In our day to day lives we don’t think about our feet in anatomically. In fact, perhaps the only time we notice them is when they feel sore, tired or we feel discomfort. We don’t consider how amazingly strong, intricately complex, resilient and biomechanically important our feet are and what a pounding they take carrying us through our lives. 

Think about your feet for a moment:

Our feet contain 26 bones, 36 joints, and more than 100 muscles, tendons and ligaments, all intricately covered and protected by a continuous body-wide web of connective tissue we know as fascia. Every move we make in an upright, weight bearing position involves our feet.

With twice as many feet as people in the world, there are many variances; flat feet, pronated feet, supinated feet, wide feet, narrow feet. Genetics mean that often, we “inherit” our feet - we might have our mother’s crooked toes, grandmother’s ‘fat’ ankles, father’s longer second toes, and flat feet can “run” in the family!

In Western society, many forsake comfort for aesthetic appeal, often with dire consequences. We incur injuries and abnormalities such as arthritic toes, inflammation, swelling, calluses, bunions, tendonitis, Plantar Fasciitis, Morton’s neuromas and the list continues.

How we treat our feet is crucial to living and aging well, so we should nurture, care for and learn to love our feet

You can also try the ANKLE MOBILISATION program if you want to spend some extra time on your feet.

Let’s understand why

We exist in gravity - we have weight and we rest on the surface of the earth.  In verticality, the feet are the connection of our bodies to the earth and to the rest of the body via our ankles, knees, hips, pelvis and all the way up to our heads. Picture yourself as an intricate chain. The nerve endings in your feet provide your nervous system and brain with information about your body’s position in the space around you. This is called proprioception. Our bodies are dynamic structures moving in an ever changing, dynamic environment. We find our balance and homeostasis (stability and equilibrium) in our feet. Out feet have enormous ‘intelligence’; some of our Meridians and energetic pathways begin or end in our feet and according to Reflexology theory, every body part is represented and can be accessed and treated via our feet. Our feet are without doubt a vital part of our moving anatomy.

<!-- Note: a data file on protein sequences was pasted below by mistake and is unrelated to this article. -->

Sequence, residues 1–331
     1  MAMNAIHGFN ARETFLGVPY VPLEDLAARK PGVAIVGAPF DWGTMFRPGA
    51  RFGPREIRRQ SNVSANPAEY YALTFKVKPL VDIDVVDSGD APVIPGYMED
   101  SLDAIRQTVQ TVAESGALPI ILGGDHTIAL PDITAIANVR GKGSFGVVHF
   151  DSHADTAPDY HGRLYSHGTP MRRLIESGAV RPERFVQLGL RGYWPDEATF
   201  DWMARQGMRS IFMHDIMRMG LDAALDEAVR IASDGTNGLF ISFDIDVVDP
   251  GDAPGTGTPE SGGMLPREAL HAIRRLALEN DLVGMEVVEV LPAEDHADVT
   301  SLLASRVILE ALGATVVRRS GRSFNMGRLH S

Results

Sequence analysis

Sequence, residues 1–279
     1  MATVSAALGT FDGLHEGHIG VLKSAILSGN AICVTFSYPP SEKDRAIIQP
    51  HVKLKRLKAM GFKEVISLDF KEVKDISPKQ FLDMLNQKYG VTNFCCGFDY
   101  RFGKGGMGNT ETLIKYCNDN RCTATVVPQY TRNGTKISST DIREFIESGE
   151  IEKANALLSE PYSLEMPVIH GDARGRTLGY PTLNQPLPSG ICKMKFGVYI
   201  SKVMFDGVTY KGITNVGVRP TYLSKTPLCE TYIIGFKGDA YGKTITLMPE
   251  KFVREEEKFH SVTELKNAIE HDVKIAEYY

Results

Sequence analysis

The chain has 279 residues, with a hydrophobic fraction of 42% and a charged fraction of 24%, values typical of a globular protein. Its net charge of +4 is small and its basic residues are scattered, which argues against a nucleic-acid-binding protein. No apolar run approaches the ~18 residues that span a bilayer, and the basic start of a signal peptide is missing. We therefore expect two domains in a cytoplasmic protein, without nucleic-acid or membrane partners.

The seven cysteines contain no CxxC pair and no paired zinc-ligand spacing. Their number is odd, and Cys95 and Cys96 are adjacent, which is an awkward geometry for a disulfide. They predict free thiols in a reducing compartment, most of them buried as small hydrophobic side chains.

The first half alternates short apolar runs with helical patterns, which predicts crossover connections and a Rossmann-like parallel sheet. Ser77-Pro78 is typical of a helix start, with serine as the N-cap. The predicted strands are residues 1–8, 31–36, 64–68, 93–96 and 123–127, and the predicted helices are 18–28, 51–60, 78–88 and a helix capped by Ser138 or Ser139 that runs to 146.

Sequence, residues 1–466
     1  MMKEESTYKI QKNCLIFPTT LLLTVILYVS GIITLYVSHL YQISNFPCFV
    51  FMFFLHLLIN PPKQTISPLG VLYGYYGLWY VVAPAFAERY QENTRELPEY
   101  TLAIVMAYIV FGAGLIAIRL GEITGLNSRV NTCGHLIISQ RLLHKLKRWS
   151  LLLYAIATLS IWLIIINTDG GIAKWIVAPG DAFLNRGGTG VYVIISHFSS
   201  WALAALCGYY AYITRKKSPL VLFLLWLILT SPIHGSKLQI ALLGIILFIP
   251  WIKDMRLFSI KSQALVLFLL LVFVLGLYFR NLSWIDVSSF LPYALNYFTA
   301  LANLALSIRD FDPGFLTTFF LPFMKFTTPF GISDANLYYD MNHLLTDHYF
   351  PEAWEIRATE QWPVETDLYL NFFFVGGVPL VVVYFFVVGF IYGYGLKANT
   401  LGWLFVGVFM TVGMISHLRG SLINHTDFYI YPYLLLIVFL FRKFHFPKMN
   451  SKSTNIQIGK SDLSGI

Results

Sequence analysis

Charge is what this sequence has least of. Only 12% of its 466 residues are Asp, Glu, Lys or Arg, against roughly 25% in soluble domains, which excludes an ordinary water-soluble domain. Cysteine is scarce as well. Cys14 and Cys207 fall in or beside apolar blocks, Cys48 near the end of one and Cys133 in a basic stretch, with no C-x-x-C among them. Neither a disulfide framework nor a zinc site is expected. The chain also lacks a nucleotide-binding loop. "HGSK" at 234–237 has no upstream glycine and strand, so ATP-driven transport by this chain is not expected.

Visualise how you move:

When any part of the body moves the entire body responds. Movement is like a spring. We always move from a base of support - an unmoving surface or structure from which movement is initiated.  In sitting that would be the pelvis; in walking, jogging jumping hopping or running, it is the feet. In walking, we push off the ground using the joints in the foot, initiating movement instantaneously.

Just picture all the things that happen when you take a step forward. Movement is transmitted to the ankle and then the shin bone which moves forward as the heel bone slides backwards. As the shin bone comes forward the body is propelled forward, and all the body parts from the feet to the head respond.

The main feet-ure

In walking and running there is great impact on the foot. The spaces between the bones of the foot widen and lengthen as it comes in to contact with the ground and they narrow and arch as it lifts.  This cushioning of movement acts both to protect the feet and to provide spring for the next step. The spring action comes from the lengthening provided as the connective tissue wraps and extends the joints. It might seem little complicated, but pay attention to your feet next time you go for a walk.

Foot injuries can occur if they, or any of the other parts of the body, are not free to move.

A stiff hip joint on one side could transmit stiffness through the body; perhaps the leg on the stiff side doesn’t lengthen as fully as we move, and so over time our hips become mal-aligned and a ‘leg length discrepancy’ can occur. This results in more pressure on the foot on the shortened side as we walk and move. This change alters our gait pattern which in turn could result in foot injuries – collapsed arches and over pronated feet on the shortened side and /or supination and stiffness in our ankle on the lengthened side.

As mentioned, when we move our whole body responds, and foot and ankle injuries could be caused by a problem somewhere else. Stiff joints are compromised joints with less spring action, and can easily be strained and sprained. Finding and fixing the problem area will improve the biomechanics, gait and thus foot and ankle issues.

The most common causes of foot injuries, and how to treat them

Foot injuries occur mostly due to...